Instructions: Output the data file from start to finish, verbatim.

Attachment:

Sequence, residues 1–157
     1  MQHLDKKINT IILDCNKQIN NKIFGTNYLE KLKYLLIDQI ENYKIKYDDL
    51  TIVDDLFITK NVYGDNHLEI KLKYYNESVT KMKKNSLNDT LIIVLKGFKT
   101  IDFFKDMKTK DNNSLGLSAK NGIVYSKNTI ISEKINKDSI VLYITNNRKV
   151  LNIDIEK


Sequence, residues 1–157
     1  MQHLDKKINT IILDCNKQIN NKIFGTNYLE KLKYLLIDQI ENYKIKYDDL
    51  TIVDDLFITK NVYGDNHLEI KLKYYNESVT KMKKNSLNDT LIIVLKGFKT
   101  IDFFKDMKTK DNNSLGLSAK NGIVYSKNTI ISEKINKDSI VLYITNNRKV
   151  LNIDIEK